[L]ists—even web pages—if they become too long, they will force users to pan, possibly missing what they were looking for or getting lost in the information. Another serious issue with long lists is that they generally make the browser slower, which again will frustrate the user.
Beginning iPhone and iPad Web Apps, Chris Apers and Daniel Paterson, p. 106
- I can also think of one additional benefit of removing pages from a category if they are already found in one of its subcategories. If there were several pages that don't belong to a subcategory, but belong to the main category, these pages can get lost within thousands of other pages. However, if redundant categories were removed, the main category would only include articles which don't belong within one of its subcategories, and these pages would be easier to locate (thus, improving navigation). Smithing (talk | contribs) 01:39, October 2, 2012 (UTC)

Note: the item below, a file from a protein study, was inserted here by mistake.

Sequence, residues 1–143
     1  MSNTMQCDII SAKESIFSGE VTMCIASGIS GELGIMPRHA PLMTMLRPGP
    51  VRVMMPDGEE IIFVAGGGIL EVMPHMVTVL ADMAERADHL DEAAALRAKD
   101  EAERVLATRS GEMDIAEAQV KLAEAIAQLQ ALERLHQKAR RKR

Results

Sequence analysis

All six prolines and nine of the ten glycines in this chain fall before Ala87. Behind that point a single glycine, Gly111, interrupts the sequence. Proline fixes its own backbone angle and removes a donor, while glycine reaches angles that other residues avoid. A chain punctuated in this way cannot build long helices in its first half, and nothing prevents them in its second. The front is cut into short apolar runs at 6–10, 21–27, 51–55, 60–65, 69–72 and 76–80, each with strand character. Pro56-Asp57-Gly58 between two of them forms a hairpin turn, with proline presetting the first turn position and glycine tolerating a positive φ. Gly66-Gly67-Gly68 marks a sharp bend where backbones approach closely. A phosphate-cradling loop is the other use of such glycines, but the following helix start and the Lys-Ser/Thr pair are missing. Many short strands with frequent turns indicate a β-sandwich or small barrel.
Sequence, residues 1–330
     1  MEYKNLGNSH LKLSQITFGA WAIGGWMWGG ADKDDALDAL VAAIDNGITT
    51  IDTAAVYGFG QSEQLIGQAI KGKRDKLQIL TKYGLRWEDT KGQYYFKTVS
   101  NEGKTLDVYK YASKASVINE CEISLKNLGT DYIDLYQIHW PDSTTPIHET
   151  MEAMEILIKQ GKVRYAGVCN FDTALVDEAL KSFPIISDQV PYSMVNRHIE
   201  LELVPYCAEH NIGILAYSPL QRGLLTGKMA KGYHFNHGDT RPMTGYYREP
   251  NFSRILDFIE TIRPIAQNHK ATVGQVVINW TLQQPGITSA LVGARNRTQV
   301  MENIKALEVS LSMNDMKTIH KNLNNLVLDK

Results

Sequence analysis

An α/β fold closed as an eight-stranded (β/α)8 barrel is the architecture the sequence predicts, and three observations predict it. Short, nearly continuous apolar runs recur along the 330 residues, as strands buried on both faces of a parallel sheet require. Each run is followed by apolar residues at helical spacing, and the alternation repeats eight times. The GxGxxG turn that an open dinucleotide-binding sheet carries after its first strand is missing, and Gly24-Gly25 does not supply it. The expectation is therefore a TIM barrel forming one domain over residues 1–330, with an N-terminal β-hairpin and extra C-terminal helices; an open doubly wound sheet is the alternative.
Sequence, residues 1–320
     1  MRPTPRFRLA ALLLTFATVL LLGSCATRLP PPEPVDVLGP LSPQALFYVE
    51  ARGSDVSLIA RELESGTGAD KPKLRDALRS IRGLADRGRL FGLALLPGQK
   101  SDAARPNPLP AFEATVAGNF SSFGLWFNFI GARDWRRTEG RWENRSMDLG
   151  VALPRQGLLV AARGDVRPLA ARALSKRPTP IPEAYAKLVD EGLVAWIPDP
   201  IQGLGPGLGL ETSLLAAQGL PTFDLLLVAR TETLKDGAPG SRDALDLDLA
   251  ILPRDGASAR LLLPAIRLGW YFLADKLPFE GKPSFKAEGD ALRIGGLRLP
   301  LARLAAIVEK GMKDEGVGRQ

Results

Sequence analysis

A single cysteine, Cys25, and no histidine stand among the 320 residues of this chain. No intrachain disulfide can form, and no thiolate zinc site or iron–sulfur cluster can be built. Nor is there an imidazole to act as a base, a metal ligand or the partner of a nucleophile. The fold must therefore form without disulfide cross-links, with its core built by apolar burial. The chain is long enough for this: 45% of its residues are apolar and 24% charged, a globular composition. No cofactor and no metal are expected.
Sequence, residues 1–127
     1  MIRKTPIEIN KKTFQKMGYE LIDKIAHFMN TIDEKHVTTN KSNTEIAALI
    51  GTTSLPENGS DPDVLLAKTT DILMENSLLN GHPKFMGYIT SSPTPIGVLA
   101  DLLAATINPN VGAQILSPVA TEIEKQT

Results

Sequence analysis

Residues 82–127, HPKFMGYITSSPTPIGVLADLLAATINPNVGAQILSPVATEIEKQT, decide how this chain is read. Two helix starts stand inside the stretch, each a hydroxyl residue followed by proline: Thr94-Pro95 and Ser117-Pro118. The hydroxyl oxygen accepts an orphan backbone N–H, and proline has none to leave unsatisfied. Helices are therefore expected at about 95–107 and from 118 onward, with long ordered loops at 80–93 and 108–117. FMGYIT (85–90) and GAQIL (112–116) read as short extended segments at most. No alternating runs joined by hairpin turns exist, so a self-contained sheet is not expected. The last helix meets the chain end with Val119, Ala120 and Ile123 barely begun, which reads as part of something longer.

Weak oppose - I just don't think it is a major impediment for readers as they have the option of using the smaller subcategories as well as the fact that subcategories are displayed first on all category pages. It could potentially be useful to be able to view the entire superset. 222 talk 01:35, October 2, 2012 (UTC)
Comment - It was my understanding that parent categories, or even those that had a sub-category of the category on the page had the higher level category removed unless it was an unusual circumstance, e.g. hidden category, temporary category, etc. Is this not the case? cqm 07:48,5/10/2012 (UTC) (UTC)
Oppose - Seems like a lot of work for such a small issue, and not very helpful anyway.13:28, October 5, 2012 (UTC)